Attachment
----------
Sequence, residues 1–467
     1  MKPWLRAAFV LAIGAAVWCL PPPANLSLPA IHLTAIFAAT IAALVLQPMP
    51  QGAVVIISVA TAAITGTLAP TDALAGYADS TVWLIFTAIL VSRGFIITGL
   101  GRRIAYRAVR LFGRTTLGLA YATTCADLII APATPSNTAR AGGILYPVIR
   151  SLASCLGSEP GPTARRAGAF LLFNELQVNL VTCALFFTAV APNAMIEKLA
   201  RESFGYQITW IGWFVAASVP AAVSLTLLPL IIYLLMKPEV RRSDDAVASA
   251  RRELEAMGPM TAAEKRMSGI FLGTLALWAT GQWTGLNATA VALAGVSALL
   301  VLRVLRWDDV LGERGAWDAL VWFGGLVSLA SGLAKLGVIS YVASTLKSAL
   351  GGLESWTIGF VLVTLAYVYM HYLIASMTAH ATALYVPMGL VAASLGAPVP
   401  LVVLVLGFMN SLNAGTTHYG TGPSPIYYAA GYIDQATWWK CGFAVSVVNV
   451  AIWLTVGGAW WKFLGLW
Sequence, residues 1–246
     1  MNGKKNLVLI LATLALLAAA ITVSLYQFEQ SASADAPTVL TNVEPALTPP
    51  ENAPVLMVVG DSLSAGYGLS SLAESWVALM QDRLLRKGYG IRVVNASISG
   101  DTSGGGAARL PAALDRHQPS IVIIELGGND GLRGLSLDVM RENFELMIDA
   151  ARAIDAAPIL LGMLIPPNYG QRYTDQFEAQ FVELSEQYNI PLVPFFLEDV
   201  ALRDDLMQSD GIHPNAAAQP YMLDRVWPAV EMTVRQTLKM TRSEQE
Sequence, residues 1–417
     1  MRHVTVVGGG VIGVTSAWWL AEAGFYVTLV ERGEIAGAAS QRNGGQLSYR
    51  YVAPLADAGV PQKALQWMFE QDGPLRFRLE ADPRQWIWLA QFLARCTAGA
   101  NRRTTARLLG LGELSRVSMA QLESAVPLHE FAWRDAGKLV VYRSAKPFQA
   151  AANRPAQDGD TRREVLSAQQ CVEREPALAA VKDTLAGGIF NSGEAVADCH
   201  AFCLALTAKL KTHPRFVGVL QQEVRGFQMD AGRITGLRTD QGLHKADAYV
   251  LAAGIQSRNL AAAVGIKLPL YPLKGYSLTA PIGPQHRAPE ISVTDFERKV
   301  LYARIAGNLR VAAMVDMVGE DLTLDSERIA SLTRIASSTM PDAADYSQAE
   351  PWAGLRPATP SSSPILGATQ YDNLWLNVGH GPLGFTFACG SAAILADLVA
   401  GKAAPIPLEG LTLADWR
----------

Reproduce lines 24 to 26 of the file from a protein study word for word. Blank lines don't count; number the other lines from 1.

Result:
   251  LAAGIQSRNL AAAVGIKLPL YPLKGYSLTA PIGPQHRAPE ISVTDFERKV
   301  LYARIAGNLR VAAMVDMVGE DLTLDSERIA SLTRIASSTM PDAADYSQAE
   351  PWAGLRPATP SSSPILGATQ YDNLWLNVGH GPLGFTFACG SAAILADLVA